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Djukella Records JDHCD004 

This CD comes handsomely presented in a six panel Digisleeve, with a liner booklet containing lyrics to some of the songs, and with prose which also holds your attention with some fascinating detail as to the creative process Jez employed recording them. I quote him: “it’s a rich blend of songs old and new, deftly deranged by the Djukella Orchestra”. (Don’t you love that “deranged”?) Jez gives us 14 tracks / 63 minutes playing time, and I salute him for not short-changing his audience.

Who are his audience members exactly? Well, I’d guess they’d not contain many Tories, since his selection of songs always includes some that express strong left-of-centre sentiments. And here they are none the worse for that: his own Black Mirror’s Got You, pulls no punches, and really registers, as does Sally Ironmonger & Brian Carter’s Foodbanks & Ferraris. But the standout tracks for me were his covers of familiar oldies: Ewan MacColl’s inspirational The Joy Of Living, and Richard Thompson’s The Sights & Sounds Of London Town. On them, as on most of the tracks, Jez is joined by Piotr Jordan on violin, and Nye Parsons on double-bass. They perform admirably, as does Jez himself: not content with a warm tuneful voice that always brings to mind Rory McLeod, blow me, if his performances on guitar and harmonica are worthy of the great Rory too.

A lovely CD which ends with a trio of strong songs: the first two from the pen of that glorious free spirit, Robin Williamson, topped off with a song from the late brother-in-law of Joan Baez. It has been many years since I heard The Quiet Joys Of Brotherhood, and it reminds me what a loss Richard Fariña was, in that road accident back in the 1960s.

And just in case Jez sells out and needs re-stocking, perhaps he’ll put a little correction slip into his liner booklet, pointing out that Ewan MacColl was not 89 when he wrote his magnificent The Joy Of Living. He couldn’t have been: he died at 74. (He actually wrote it aged 72.) And although Jez is commendably fastidious in attributing songs to the writers involved, whilst rightly telling us that Big Steamers owes its lyrics to the great Rudyard Kipling, he omitted to add that the fits-like-a-glove melody was by Peter Bellamy.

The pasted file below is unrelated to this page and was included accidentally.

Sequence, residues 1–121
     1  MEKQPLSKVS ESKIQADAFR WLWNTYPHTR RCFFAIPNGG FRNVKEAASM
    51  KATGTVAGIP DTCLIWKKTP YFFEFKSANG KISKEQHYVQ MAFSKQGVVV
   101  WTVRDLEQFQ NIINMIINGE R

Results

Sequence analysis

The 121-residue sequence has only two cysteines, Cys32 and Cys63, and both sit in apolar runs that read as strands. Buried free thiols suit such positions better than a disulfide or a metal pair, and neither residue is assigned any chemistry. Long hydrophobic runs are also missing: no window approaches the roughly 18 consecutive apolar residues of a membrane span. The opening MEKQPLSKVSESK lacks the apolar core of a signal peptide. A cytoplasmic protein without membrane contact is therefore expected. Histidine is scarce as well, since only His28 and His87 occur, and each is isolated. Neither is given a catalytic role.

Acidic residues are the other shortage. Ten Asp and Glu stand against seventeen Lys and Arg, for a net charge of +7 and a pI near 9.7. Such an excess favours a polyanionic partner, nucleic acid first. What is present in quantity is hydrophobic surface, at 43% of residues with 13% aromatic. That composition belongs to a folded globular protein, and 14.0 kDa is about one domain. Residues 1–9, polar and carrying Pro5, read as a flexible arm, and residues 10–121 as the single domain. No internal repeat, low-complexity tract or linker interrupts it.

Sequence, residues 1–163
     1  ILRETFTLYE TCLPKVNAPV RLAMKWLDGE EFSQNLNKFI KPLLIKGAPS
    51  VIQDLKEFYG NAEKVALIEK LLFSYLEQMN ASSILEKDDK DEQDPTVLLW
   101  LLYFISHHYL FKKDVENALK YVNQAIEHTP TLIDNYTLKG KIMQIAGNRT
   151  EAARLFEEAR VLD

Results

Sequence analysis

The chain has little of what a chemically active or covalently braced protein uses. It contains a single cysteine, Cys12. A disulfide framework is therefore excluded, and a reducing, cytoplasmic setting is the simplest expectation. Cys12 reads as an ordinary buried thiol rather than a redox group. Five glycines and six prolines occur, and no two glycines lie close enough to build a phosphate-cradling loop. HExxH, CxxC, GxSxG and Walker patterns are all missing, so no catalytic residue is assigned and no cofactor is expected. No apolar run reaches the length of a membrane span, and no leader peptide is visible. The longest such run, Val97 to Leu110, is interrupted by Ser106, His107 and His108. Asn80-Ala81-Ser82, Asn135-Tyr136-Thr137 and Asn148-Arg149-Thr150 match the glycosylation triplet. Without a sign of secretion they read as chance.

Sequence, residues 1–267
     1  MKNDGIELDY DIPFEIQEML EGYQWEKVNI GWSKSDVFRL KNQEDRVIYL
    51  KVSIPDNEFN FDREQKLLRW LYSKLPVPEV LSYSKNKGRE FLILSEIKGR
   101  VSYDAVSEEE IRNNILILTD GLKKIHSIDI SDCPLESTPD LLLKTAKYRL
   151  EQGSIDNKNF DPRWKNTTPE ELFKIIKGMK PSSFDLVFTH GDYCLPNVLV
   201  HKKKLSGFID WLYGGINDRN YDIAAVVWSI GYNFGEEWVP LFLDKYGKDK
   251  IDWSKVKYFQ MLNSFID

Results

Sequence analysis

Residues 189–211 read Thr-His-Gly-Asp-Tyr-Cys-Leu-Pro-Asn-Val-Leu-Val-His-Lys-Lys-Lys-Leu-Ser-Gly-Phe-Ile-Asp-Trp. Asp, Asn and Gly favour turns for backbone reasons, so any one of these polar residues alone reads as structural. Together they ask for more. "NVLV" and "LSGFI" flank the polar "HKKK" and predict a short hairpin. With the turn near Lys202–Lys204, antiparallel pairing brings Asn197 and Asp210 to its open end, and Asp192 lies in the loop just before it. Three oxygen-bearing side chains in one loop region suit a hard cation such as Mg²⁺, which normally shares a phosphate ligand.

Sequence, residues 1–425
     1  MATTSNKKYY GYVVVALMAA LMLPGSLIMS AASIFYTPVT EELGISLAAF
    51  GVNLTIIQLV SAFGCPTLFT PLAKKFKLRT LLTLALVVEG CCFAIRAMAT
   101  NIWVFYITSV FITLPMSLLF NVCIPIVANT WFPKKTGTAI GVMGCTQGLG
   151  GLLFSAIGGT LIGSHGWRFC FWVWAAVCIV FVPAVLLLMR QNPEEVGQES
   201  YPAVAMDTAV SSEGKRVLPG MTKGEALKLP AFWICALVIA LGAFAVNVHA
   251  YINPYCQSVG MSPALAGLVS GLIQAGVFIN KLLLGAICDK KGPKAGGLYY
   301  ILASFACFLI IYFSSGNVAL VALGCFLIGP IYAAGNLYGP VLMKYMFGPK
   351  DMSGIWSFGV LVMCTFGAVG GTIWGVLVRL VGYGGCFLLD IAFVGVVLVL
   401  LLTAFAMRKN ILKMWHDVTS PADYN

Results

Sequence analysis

And also re the liner notes: I beg Jez to study the history of Rule Britannia! For if he does, he will see that the poem was written shortly before it was set to music in 1740: and it was only around then that the Barbary pirates were finally being defeated. Until then they had, for two centuries, been raiding coastal towns in Southern England and Southern Ireland, taking the locals off to a life of slavery in North Africa. Now, in 1740 with a strong navy, we swore that our natives will / shall never be slaves again. With that in mind, it’s a different song then Jez, eh?

An album well worth the buying.

Dai Woosnam


This review appeared in Issue 140 of The Living Tradition magazine